At several points, I wanted to say to the pro-gun people, “Stop it. You’re not helping.” — we’re not talking about the Second Amendment, nor guns in parking lots, nor anything else. We’re talking about whether the ASUA, the University of Arizona student government, should support or oppose a state senate bill that would allow faculty with valid CCW permits to carry concealed firearms on campus. Your efforts basically confirm every negative stereotype, though most of the pro-gun females who spoke were clear, articulate, and made some good points. This is a matter of giving responsible adults — professors, specifically — the choice to carry a firearm on campus if they wish.
The ASUA is holding a voting meeting tomorrow in the Ventana Room at the Student Union at 5:00pm. They’ll allow a brief period of public discussion on the topics (the gun issue is the first thing on the schedule, so show up promptly), but then the ASUA Senate will have their own discussions and vote on the matter. I highly encourage decent public speakers (i.e. not like those who spoke tonight) to attend and speak tomorrow. If we get good public speakers, particularly those who don’t fit into classic stereotypes of gun owners (e.g. women, disabled, professors, etc.), that could go a long way toward getting the ASUA to support this measure.
The Arizona Daily Wildcat is reporting that there will be a public meeting tonight at 7:00pm in the Santa Rita room of the Student Union building at the University of Arizona to discuss whether or not the Associated Students of the University of Arizona (ASUA, the student government) should support or oppose the proposed law that would allow faculty members (but not students) with CCW permits to carry guns on campus.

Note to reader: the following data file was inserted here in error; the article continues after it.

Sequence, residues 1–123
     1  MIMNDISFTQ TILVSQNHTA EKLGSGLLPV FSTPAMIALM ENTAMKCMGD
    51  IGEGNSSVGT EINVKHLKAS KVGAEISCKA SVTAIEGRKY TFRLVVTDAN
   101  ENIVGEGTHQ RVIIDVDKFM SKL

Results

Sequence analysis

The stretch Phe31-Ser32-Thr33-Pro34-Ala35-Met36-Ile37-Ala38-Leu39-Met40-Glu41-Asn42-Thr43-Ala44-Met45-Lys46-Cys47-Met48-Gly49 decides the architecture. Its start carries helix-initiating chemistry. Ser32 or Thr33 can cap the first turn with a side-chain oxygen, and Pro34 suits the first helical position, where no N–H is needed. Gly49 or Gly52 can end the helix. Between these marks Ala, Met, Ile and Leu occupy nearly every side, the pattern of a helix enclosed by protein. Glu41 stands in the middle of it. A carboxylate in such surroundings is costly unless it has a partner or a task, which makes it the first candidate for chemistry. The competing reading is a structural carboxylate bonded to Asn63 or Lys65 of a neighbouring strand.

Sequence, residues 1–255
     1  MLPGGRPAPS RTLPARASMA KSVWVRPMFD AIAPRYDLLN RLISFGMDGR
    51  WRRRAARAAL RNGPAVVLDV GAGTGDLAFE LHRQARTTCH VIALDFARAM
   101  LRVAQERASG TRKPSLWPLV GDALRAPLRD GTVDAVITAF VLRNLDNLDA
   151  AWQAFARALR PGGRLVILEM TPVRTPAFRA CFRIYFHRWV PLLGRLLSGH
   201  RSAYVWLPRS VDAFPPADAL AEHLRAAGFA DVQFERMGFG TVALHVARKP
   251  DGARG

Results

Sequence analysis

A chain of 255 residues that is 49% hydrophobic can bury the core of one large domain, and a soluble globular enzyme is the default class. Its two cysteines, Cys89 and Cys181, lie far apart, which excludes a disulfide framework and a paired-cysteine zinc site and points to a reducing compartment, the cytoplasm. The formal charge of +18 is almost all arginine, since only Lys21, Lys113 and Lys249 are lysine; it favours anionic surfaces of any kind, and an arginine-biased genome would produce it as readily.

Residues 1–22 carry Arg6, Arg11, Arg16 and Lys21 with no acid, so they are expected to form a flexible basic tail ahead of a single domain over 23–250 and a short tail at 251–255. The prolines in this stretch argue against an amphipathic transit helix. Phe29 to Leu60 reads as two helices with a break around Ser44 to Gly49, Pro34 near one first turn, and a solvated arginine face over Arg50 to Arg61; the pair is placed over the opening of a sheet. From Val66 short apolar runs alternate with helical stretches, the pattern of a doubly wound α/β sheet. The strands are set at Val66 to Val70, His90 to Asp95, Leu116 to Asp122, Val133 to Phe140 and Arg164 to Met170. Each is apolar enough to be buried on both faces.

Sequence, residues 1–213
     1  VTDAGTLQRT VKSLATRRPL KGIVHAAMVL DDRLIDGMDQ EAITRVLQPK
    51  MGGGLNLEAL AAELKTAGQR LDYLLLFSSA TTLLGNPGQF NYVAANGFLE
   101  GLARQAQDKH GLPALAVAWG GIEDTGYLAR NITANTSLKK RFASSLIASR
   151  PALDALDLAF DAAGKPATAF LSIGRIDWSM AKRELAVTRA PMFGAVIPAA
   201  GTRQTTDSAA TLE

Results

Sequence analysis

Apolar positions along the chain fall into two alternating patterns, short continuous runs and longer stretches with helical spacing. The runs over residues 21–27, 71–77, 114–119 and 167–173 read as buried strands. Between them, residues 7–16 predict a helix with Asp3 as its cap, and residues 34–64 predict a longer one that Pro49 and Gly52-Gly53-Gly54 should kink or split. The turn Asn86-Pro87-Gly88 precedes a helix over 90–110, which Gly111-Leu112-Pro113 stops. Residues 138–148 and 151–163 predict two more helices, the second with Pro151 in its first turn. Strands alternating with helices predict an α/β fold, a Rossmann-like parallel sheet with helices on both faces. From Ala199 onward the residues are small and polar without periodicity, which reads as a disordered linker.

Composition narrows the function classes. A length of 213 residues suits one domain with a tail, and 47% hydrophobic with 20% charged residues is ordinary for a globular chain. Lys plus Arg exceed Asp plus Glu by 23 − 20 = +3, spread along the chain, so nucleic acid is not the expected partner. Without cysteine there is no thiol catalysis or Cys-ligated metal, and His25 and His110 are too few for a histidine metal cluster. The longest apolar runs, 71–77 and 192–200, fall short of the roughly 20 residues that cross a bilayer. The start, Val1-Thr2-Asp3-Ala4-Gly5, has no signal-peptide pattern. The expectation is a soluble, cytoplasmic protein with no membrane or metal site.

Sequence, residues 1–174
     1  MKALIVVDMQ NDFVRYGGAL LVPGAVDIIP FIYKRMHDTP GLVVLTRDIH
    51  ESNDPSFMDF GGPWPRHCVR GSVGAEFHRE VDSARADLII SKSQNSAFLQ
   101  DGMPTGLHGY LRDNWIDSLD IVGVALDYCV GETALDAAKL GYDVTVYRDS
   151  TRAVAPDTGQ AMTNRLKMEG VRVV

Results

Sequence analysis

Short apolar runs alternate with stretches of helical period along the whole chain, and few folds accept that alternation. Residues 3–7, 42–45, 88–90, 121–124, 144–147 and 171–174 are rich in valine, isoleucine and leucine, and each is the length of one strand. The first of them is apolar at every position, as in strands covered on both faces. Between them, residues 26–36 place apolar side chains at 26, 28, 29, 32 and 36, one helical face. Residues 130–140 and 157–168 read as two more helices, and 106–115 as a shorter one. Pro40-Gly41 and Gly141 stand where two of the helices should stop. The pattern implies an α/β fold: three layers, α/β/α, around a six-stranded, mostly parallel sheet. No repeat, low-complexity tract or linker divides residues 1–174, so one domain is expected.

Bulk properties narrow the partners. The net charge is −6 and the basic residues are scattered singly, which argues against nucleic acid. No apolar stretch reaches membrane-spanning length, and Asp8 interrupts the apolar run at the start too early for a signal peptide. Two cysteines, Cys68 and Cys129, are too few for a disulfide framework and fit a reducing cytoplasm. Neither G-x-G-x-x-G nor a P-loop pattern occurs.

From the article:
Although anyone from the public can participate in the forum, Quillin said it will be structured with an emphasis on students? opinions.
While it’s short notice, it’d be great if pr0-gun people in Arizona could show up, particularly if they are current or former students or faculty. According to the article most of the responses have been non-committal, with both students and professors indicating support for the forum, but having mixed feelings on the topic. It doesn’t sound like many students or faculty are terribly interested, and so won’t be attending.
That said, comments on last week’s article (scroll down) seem to be leaning toward the pro-gun side. Let’s keep it up.
Of course, if one decides to come to the forum tonight, be presentable, be polite, don’t be a nutjob, and don’t come armed (remember, guns are still prohibited on campus, even with a permit). This is a big opportunity, and could lay the groundwork for future improvements.